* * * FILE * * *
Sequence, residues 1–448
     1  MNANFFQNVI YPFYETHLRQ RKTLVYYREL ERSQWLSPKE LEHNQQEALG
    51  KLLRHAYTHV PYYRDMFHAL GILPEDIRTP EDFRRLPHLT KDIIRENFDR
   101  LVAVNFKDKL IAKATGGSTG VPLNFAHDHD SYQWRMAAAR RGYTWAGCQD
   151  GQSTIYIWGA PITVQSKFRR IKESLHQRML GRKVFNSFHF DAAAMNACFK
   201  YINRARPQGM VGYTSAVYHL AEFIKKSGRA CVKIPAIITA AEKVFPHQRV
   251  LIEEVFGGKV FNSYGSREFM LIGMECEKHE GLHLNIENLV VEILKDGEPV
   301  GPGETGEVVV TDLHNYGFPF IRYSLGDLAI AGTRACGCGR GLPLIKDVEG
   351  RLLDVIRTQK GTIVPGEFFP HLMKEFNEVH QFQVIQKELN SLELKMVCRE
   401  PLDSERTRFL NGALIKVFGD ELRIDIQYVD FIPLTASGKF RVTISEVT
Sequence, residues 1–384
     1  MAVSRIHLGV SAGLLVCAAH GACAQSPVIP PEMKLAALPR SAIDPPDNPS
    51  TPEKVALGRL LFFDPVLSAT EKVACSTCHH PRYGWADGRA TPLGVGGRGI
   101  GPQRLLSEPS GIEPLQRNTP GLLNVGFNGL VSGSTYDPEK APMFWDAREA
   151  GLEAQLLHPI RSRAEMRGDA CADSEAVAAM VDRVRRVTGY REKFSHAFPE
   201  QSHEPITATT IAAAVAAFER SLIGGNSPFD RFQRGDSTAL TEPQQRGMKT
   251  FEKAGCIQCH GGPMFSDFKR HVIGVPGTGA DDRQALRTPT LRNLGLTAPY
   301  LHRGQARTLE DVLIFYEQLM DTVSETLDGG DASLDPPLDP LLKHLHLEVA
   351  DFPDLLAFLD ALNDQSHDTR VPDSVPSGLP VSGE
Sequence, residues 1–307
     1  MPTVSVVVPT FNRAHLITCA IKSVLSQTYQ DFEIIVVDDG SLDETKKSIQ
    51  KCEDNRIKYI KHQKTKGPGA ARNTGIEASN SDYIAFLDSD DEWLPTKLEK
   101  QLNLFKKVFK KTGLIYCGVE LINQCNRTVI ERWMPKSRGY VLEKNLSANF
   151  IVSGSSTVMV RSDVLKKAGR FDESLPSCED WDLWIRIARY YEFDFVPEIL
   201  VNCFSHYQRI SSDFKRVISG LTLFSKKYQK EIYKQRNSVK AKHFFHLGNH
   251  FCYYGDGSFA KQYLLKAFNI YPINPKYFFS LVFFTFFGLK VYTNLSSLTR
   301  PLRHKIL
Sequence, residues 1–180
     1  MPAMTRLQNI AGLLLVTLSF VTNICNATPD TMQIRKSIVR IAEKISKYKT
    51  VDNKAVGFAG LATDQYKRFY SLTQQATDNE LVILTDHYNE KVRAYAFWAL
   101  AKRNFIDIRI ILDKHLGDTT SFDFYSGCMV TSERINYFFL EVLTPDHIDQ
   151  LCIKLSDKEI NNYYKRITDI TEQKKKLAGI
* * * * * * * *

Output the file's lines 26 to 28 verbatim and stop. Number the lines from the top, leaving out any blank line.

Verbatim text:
   251  FCYYGDGSFA KQYLLKAFNI YPINPKYFFS LVFFTFFGLK VYTNLSSLTR
   301  PLRHKIL
Sequence, residues 1–180